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Dividende universel monétaire

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Steve Keen, Quantitative easing for the public. A monetary approach towards a basic income in Greece. The solution is right here - but who dares to look at it? Introducing a monetary dividend, ie. printing money and giving it directly to citizens through a periodical income is not a new idea, neither denuded from any rational economic arguments. Quite the contrary, actually. But will people just seriously consider the idea and claim for it to be done? Sometimes I despair. How can the World be so blind and conservative towards radical ideas? Why can’t we just have a rational debate, look at the facts, identify the right problems and then consider the alternatives? Back in september 2009, yet Steve Keen predicted on his blog that the crisis would not be fixed with the approach of Obama’s government (emphasis mine): Where are we now, in 2012?

Well, not only the US have been following the same ideology of rescuing banks endlessly and inefficiently, but this flawed logic has been imitated in Europe, again, again and again. Ponziconomics Bubbles must burst This big ponzi scheme must be ended at some point. Artificial respiration Just give us the money. Economic stimulus: Give us the money. Monetary policy for the 21st century. Twentieth Century monetary policy can be understood very simply. One can imagine that, prior to the 1980s, the marginal unit of CPI was purchased from wages.

That made managing inflation difficult. In order to suppress the price level, central bankers had to reduce the supply of wages. But reductions in aggregate wages don’t translate to smooth, universal wage cuts. For institutional reasons, attempts to restrain aggregate wages generate unemployment. Prior to the 1980s, central bankers routinely had to choose between inflation or recession. Then came the “Great Moderation”. Regular readers know that I am not a fan of the Great Moderation. Still, if Great Moderation monetary policy sucked, pre-Moderation business cycles sucked as well. It’s no good when the marginal unit of CPI is purchased from wages. Here’s my proposal. Of course we will still need investors. There are details to consider. Mike Sandler: Citizen's Dividends: Basic Income from your Share of the Commons. Have you heard about The Commons? You own a piece of it; we all do. The Commons is something society shares as a public trust, and includes valuable assets such as the Internet, the broadcast spectrum, public lands, the ability to create money, the atmospheric carbon sink, and more.

In times of scarcity, access to the Commons can be very valuable. We can all share in that bounty, and this can form a source of actual income to Americans. Here are a few ideas for creating a source of income for all people from the Commons with citizen's dividends. One example is a Cap & Dividend system, where greenhouse gas emissions from upstream fossil fuel companies are limited, and the revenues generated by the sale of permits are returned to individuals as a dividend.

The reasoning is that we all share the sky, and so as the now-scarce resource becomes valuable, we should all be given our share. Another Commons we all share is the money system. Remember the Gold Standard? Me on Bernanke, fire up the helicopter engines - Samuel Brittan the Financial Times 07/09/12. Come on Bernanke, fire up the helicopter engines Samuel Brittan The Financial Times 07/09/12 Some practical men do not like the idea of a thought experiment.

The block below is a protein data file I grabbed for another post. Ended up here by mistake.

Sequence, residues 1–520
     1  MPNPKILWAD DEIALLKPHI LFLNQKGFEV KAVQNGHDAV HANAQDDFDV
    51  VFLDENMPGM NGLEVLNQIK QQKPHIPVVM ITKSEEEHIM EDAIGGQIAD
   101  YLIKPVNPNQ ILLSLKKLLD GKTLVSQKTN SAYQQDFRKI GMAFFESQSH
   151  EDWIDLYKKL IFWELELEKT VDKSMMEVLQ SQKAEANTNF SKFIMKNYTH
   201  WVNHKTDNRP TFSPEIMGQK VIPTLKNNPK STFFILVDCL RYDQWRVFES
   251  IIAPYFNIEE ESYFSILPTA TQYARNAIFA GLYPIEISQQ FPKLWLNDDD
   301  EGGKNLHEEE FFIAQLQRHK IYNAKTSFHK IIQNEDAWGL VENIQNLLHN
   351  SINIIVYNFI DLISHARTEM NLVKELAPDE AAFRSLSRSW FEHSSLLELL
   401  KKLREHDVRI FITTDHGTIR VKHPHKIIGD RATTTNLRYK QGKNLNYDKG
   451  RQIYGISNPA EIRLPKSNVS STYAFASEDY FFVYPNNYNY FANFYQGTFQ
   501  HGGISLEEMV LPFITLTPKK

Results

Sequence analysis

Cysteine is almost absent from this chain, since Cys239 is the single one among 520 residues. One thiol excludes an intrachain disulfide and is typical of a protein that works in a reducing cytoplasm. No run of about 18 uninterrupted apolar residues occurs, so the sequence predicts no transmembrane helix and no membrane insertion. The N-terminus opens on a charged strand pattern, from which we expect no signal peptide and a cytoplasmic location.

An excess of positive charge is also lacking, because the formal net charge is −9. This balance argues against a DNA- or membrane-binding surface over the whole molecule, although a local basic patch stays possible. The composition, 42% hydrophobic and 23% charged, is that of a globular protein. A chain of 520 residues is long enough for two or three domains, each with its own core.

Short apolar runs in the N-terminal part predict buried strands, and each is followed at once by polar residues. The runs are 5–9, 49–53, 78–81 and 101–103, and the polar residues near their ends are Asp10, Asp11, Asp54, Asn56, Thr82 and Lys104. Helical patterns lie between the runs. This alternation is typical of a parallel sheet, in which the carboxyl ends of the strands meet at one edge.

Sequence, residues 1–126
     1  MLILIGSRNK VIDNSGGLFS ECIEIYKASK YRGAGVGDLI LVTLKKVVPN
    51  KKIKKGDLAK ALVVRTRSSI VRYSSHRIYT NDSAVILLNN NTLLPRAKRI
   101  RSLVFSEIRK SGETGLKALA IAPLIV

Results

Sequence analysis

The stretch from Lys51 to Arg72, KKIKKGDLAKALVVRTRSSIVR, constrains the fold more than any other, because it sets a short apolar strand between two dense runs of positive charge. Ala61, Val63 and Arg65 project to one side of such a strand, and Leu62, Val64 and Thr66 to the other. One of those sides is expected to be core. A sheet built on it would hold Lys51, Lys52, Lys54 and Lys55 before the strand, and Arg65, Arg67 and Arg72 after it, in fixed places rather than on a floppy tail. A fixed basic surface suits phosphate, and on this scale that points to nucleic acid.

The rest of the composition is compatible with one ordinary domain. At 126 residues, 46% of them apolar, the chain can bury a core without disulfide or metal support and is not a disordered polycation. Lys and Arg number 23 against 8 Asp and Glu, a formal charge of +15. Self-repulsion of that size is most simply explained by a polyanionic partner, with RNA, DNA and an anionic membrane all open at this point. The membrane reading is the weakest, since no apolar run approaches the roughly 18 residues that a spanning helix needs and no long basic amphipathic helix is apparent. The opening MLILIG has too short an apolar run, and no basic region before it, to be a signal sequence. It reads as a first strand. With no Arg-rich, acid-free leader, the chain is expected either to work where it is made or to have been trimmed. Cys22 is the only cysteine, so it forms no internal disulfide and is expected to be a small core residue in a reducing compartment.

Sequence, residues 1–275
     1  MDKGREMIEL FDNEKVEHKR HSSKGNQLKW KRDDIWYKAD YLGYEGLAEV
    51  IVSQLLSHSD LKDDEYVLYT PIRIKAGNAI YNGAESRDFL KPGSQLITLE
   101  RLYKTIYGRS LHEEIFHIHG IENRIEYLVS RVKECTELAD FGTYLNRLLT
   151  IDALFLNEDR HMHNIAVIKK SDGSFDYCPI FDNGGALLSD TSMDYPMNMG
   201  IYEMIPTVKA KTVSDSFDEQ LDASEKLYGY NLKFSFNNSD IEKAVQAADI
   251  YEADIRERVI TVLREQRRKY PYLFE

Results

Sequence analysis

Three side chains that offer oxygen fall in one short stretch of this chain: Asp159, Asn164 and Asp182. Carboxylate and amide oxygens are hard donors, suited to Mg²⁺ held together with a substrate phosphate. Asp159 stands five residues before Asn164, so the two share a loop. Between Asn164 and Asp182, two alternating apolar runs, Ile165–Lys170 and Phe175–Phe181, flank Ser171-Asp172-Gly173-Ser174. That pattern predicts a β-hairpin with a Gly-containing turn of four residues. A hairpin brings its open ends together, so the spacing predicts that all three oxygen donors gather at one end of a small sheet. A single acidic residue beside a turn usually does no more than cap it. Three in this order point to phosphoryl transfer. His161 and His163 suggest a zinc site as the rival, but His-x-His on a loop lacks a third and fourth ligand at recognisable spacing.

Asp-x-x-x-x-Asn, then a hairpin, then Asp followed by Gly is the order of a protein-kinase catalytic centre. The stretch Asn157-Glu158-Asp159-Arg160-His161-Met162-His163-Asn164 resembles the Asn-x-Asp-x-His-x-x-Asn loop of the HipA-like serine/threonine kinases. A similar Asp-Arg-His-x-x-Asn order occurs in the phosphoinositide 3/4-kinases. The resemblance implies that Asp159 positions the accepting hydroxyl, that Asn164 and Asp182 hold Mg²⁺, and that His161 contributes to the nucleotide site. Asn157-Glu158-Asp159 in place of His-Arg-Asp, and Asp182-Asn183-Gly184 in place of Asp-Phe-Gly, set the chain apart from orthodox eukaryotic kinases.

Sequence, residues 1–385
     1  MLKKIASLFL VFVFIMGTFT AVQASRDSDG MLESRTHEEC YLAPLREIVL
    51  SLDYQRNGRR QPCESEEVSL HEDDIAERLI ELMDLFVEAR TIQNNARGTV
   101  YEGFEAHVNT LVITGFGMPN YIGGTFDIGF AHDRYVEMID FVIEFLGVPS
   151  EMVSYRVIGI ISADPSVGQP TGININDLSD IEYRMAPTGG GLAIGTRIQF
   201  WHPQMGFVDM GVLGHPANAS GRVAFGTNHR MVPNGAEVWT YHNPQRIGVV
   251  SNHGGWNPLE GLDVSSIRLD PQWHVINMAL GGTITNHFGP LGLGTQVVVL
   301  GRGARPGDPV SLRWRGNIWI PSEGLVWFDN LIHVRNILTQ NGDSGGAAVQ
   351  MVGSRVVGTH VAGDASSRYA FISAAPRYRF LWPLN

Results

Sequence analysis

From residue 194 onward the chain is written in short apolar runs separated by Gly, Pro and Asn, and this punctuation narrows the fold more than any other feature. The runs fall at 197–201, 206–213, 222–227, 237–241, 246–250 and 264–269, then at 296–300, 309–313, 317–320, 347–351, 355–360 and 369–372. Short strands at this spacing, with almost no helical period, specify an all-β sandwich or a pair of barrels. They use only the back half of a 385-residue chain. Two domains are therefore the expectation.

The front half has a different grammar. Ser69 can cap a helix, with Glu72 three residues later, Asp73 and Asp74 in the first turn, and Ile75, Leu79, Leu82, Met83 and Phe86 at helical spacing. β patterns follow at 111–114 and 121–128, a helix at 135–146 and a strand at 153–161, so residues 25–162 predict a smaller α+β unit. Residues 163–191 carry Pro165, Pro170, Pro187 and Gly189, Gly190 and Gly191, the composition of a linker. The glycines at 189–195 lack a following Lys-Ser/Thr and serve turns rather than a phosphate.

Yet these exercises are an essential part of the growth of human knowledge. Indeed, Friday's address by Ben Bernanke at the meeting of central bankers in Jackson Hole, Wyoming makes it appropriate for one such experiment: to ask what would happen if, in the main industrial countries, currency notes were to drop from helicopters as a deliberate act of policy? No one has explicitly argued for this as a deliberate act. John Maynard Keynes raised a similar possibility during the 1930s when he said that if there was no better way of getting out of a depression, pound notes should be buried in the ground, leaving it to the well-tried forces of self interest to dig them up again. Let us assume that, impatient with the endless stagnation of the world economy, countries fire up their helicopter engines. But back to the main analysis. If the Government is just going to print money, why can’t we have some?The Deep End.

In his column for Reuters, Anatole Kaletsky ventures into the wacky world of quantitative easing or QE. Faced with a never ending run of economic bad news, the authorities, he says, have two basic options: "They have essentially two options. They could do even more of what the Fed and the BoE have been doing since late 2008 – creating new money and spending it on government bonds, in the policy known as "Quantitative Easing. " Or they could admit the policies of the past three years were not working, at least not well enough.

And try something different. " Kaletsky concedes that QE isn’t all bad, but it’s not all good either: "The one economic benefit of QE has been to help governments finance the huge deficits caused by recession without having to raise taxes, slash public spending or face Greek-style bankruptcy. The failure of QE to stimulate the economy is not for lack of heft: If the bankers can’t make good use of so much money, then why not let the general public have a go instead? Should the Bank of England hand out free money to everyone? The UK economy is barely growing. To stimulate demand, should the Bank of England mail out a voucher worth fifty quid to every citizen of this fair land and tell them to go out and spend it on beer, fags and cheap Chinese electronics? It sounds like a mad idea, but is it any stranger than the Bank of England printing money to buy up goverment debt?